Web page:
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Old Today, 07:03 AM
 
2,751 posts, read 2,824,413 times
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Quote:
Originally Posted by charlygal View Post
Question. When are HOAs usually formed for brand new developments? From what I'm reading, it would take a certain percentage of residents to file, sign and ratify the new CC&Rs. If I bought and closed on a newly constructed home in the new development and whipped up my fence (according to muni code) before all the CC&R's legal paperwork is completed, would the fence get grandfathered in should the covenants have fencing rules?

Usually they are created when the development is planned. In our town (I think consistent with all of Maryland) the HOA documents are approved by the Planning Commission as part of the Site Plan Approval. In one recent development the HOA documents were pretty much boilerplate and would have sailed through except for one clause. the PC insisted that the clause that allowed the HOA to dissolve itself wit a vote of 75% of the homeowners be eliminated. The reason was is that the developer had set it up so that the HOA was responsible for maintenance of the Storm Water Management facilities. The state had made SWM more complex in teh last few years and the developer had used some control methods which would require maintenance in the future (somewhere between 5-15 years) to continue to meet state standards. If the HOA dissolved the town would be responsible and we didn't want to saddle the rest of the town with the expense. So we prevented the home owners from walking away from the responsibility that the builder saddled them with.


The HOA is usually controlled by the developer until completion or until a certain percentage of units are sold. As I mentioned in an earlier post our two largest developments took two different paths. One has a very active HOA. The other was controlled by the Developer until the last unit was completed because the homeowners never organized or accepted control. So the HOA exists and the covenants exist are enforceable but it would be up to individual home owners to enforce through the courts. I'm watching to see how that works out over the years.


SO in your example you would have signed the HOA documents when you bought the house. I don't know of any HOAs that were created 'after the fact'
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Old Today, 07:24 AM
 
1,040 posts, read 300,839 times
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I was going to use Md as an example as well.

It would be a disaster on the part of a buyer to buy something and a builder to sell something with restrictive rules floating around unsigned. I can't imagine the legal ramifications of no one being clear on anything before a purchase. And then discovering, hey, they bought in a hoa.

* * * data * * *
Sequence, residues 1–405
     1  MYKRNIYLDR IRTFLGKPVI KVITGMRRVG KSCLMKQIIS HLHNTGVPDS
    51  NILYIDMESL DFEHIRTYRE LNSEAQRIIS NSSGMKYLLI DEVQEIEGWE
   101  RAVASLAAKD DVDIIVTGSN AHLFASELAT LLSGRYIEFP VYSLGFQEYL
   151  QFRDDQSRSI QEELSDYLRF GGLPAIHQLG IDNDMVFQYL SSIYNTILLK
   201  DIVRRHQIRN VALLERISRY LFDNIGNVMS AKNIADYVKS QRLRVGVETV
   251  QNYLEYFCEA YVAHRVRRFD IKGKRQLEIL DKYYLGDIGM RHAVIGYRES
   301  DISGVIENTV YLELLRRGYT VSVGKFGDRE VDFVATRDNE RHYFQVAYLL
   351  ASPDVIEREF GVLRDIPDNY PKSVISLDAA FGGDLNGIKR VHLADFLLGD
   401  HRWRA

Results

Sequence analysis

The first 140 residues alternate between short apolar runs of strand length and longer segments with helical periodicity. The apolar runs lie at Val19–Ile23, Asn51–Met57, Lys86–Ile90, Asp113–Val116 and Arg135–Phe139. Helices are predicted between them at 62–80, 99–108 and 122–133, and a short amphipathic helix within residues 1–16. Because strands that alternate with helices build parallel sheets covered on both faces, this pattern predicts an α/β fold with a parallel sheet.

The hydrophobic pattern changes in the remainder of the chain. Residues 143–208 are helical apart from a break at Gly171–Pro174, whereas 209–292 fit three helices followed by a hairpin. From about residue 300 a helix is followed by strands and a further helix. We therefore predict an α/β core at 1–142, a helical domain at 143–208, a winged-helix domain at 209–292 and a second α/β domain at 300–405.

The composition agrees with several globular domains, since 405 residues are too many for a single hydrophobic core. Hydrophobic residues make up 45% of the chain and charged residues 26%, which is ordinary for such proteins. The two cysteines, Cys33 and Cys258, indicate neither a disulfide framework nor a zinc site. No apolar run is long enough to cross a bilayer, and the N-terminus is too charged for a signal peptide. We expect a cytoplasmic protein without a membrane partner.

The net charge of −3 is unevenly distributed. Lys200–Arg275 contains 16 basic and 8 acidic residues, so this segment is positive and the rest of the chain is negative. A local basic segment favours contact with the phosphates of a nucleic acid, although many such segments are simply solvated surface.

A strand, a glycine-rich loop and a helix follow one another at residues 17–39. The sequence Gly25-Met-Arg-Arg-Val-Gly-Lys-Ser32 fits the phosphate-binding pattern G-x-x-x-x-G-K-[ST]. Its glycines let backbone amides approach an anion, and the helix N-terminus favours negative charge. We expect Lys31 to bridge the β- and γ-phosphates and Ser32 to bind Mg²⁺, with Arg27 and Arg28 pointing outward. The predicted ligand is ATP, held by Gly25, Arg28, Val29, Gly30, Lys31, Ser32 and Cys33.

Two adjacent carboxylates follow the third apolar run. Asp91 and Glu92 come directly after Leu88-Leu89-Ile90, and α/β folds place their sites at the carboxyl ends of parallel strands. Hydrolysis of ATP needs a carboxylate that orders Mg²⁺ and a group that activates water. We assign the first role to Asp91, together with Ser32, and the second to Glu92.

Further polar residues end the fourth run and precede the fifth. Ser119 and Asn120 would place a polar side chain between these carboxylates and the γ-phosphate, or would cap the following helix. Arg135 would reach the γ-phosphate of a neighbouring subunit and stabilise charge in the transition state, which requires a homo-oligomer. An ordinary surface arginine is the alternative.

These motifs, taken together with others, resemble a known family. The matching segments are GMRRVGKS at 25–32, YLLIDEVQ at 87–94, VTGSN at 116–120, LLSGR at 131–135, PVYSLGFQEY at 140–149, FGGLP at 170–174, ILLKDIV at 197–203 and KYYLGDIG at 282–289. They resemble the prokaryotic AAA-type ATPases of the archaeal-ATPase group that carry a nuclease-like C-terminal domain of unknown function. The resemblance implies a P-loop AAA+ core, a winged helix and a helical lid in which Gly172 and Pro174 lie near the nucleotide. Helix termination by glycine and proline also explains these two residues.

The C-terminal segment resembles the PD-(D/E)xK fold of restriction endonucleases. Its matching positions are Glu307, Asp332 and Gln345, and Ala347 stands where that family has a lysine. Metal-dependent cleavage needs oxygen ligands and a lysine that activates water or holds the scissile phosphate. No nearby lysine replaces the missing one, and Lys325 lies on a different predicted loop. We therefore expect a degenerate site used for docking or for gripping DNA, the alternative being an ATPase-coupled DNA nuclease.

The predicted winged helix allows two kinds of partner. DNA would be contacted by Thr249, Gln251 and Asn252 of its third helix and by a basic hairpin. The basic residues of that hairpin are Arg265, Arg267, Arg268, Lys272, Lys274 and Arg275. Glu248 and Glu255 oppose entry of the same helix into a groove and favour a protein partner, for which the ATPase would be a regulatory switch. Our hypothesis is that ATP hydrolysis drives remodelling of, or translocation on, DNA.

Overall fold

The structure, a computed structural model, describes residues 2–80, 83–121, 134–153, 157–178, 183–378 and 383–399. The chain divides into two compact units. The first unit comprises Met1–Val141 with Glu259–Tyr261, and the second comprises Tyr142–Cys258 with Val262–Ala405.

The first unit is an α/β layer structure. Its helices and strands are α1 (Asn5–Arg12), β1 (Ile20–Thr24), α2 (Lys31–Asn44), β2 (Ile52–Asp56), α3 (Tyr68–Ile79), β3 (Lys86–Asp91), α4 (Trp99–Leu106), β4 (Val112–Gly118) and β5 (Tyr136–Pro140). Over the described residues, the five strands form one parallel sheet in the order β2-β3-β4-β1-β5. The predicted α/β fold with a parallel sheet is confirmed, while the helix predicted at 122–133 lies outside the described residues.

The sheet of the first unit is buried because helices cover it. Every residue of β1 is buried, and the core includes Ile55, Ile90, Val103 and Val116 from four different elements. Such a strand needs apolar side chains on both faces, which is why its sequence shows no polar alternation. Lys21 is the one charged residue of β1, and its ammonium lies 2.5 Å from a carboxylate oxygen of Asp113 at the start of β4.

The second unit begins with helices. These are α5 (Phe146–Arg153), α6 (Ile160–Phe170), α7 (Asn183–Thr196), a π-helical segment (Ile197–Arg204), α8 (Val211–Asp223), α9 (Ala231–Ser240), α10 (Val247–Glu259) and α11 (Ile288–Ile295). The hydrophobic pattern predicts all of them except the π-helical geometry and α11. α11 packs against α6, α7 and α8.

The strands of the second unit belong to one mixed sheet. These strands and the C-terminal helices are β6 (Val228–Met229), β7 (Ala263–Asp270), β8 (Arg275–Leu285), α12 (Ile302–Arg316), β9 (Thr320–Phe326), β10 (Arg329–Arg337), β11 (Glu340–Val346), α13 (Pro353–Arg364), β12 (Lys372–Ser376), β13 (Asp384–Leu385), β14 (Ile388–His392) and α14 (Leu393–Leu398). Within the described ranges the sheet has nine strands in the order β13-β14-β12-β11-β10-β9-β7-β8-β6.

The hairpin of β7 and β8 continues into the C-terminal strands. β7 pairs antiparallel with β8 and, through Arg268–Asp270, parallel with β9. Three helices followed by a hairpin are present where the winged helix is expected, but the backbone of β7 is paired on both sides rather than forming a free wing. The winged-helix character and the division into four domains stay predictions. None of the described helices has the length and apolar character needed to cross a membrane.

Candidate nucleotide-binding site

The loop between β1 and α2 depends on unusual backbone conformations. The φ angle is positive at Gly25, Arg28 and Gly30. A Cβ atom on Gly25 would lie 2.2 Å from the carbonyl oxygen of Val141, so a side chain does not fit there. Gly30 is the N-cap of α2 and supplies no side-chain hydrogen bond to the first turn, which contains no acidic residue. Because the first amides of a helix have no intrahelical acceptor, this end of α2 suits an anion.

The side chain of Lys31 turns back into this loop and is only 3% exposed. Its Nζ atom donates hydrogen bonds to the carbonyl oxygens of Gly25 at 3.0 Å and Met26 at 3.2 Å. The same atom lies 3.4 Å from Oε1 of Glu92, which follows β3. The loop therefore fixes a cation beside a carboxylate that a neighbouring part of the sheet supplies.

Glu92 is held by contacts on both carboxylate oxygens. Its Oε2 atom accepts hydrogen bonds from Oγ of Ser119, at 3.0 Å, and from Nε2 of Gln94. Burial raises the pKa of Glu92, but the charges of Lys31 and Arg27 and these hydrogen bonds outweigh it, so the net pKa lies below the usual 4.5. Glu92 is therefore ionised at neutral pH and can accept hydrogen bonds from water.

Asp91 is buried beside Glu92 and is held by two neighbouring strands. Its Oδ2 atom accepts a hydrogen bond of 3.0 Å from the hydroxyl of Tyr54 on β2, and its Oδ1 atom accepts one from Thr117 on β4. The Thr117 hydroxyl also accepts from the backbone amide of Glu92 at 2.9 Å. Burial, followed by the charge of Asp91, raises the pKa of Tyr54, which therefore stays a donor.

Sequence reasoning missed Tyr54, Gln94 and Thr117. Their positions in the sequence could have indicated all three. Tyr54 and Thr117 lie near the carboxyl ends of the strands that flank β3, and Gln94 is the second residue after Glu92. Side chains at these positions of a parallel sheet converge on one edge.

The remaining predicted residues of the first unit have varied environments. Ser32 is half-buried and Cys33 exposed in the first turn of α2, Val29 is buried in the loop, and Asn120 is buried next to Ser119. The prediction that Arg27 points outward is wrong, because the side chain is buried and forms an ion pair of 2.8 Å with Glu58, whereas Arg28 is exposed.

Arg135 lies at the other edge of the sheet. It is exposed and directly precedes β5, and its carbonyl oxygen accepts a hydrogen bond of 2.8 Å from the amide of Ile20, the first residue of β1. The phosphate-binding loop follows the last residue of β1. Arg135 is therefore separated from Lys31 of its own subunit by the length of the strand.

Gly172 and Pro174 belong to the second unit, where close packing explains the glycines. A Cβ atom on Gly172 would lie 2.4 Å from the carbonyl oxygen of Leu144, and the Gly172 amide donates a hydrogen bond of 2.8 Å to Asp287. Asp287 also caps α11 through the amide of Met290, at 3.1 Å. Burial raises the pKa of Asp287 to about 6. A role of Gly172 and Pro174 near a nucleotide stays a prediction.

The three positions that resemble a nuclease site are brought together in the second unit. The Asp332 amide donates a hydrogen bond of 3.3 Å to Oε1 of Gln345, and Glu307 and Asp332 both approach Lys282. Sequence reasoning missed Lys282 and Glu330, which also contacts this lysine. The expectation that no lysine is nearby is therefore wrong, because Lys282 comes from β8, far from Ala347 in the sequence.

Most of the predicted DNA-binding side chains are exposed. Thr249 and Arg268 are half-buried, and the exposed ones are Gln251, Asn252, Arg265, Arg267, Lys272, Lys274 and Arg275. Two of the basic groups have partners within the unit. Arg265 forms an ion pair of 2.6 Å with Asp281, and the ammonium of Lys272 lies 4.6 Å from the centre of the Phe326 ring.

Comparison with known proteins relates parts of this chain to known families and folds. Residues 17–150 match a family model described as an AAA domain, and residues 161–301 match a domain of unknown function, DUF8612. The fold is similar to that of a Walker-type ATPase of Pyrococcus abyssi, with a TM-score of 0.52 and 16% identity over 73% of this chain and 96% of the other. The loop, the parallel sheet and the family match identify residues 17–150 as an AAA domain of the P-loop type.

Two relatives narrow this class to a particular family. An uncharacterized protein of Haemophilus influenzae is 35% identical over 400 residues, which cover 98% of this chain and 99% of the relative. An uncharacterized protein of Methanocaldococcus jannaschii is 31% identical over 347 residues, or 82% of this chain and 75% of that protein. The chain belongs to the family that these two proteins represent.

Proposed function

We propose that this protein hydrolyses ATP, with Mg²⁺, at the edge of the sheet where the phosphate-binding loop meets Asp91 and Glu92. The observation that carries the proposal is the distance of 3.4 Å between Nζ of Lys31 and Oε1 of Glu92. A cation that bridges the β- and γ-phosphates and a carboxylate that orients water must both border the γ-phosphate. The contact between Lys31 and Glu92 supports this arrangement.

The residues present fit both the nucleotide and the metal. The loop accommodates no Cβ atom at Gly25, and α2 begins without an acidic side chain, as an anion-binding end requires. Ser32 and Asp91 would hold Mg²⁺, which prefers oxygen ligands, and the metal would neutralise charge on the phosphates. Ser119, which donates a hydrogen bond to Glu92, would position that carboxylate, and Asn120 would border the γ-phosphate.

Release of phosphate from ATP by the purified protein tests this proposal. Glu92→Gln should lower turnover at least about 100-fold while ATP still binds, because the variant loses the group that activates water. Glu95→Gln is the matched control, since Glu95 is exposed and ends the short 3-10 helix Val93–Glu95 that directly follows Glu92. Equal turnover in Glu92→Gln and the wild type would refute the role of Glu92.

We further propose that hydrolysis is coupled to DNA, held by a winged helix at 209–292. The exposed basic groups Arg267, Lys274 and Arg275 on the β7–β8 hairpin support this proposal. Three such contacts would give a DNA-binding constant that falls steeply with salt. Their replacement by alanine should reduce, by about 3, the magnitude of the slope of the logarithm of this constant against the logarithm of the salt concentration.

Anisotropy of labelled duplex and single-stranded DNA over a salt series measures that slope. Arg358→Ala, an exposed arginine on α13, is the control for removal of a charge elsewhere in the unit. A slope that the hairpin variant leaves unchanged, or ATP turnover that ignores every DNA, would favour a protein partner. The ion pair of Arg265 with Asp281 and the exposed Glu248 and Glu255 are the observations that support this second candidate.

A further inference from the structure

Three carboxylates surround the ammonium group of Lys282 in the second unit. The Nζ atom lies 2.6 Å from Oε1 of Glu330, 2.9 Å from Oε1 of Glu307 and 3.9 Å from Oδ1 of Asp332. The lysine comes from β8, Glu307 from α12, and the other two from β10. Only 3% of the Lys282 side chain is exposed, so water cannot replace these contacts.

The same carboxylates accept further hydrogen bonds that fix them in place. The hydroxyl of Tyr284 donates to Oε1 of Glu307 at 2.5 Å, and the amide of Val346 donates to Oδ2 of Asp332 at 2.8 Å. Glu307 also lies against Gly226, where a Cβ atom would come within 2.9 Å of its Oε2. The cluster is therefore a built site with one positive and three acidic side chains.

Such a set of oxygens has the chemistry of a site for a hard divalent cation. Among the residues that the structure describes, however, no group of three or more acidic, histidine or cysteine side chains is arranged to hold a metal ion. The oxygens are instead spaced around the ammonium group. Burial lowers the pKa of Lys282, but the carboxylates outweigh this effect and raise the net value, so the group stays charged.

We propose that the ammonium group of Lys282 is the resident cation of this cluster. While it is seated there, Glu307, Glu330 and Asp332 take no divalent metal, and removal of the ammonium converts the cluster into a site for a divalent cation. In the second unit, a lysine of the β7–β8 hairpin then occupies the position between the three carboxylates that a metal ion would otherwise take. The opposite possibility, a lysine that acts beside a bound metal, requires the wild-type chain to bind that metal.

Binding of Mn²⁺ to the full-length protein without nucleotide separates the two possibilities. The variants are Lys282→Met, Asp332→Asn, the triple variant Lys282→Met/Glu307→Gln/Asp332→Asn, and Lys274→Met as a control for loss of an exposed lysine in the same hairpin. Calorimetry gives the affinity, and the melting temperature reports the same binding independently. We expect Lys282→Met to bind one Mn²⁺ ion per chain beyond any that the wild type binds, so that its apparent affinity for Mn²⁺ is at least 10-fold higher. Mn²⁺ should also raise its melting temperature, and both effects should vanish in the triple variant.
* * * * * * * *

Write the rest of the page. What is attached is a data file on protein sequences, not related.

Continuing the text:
Md is a good example, one that clearly states what goes on. Go to this long page:

https://govt.westlaw.com/mdc/Browse/...ta=(sc.Default)

Md has an actual Act about its HOAs, as do other states, don't know how many.

Go down to 11.b-105 where the seller (developer) states even when the restrictions,rules, bylaws need to be delivered and how.

Last edited by petsandgardens; Today at 07:59 AM..
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Old Today, 10:20 AM
 
Location: Columbia SC
8,046 posts, read 6,824,430 times
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It is quite common for an associations docs to have tougher rules than local rules. One example is fences. Many municipalities allow 8 ft fences of any type. Most associations limit fences to 4 feet tall and specific types. The association wins as one agreed to them when they bought.

The association docs override municipal rules but not the opposite. Municipality rules say 6 ft fences. Association docs say 8 ft fences. Municipality wins. There is a hierarchy with laws higher than association docs.

Same with on street parking. Docs say no. Municipality says yes. Docs win.
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Old Today, 10:30 AM
 
Location: Florida
20,033 posts, read 8,389,724 times
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Quote:
Originally Posted by charlygal View Post
I know it's pretty standard that most sale offers are pending inspection. How common is it for an offer to be pending inspection AND review of HOA Covenants, Conditions & Restrictions (CC&Rs)?

We hear so many horror stories involving HOAs. I already have plans to build a solarium on the backyard patio and install an eight foot fence when I buy my new house. These are musts for me. I just need to know that the HOA won't give me trouble later.

Any thoughts? Do buyers ask to review the CC&Rs?
I think you should check on those building plans before you buy. HOAs usually have a committee that has to approve your plans. We were only allowed to have 6-ft fences. When we added a strip of cement around the pool lanai to prevent erosion, I had to get that approved--really ridiculous, but I guess some people go crazy building. We were not allowed to have visible sheds either.
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Old Today, 10:49 AM
 
Location: North Beach, MD on the Chesapeake
32,251 posts, read 39,528,589 times
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Quote:
Originally Posted by johngolf View Post
It is quite common for an associations docs to have tougher rules than local rules. One example is fences. Many municipalities allow 8 ft fences of any type. Most associations limit fences to 4 feet tall and specific types. The association wins as one agreed to them when they bought.

The association docs override municipal rules but not the opposite. Municipality rules say 6 ft fences. Association docs say 8 ft fences. Municipality wins. There is a hierarchy with laws higher than association docs.

Same with on street parking. Docs say no. Municipality says yes. Docs win.
For the parking that will depend on whether the street is owned by the HOA or it's a public right of way. There is an HOA here bisected by a public street. Several years ago the HOA tried to enforce no street parking on it (which was stupid because it was used as their overflow parking). The HOA lost that one.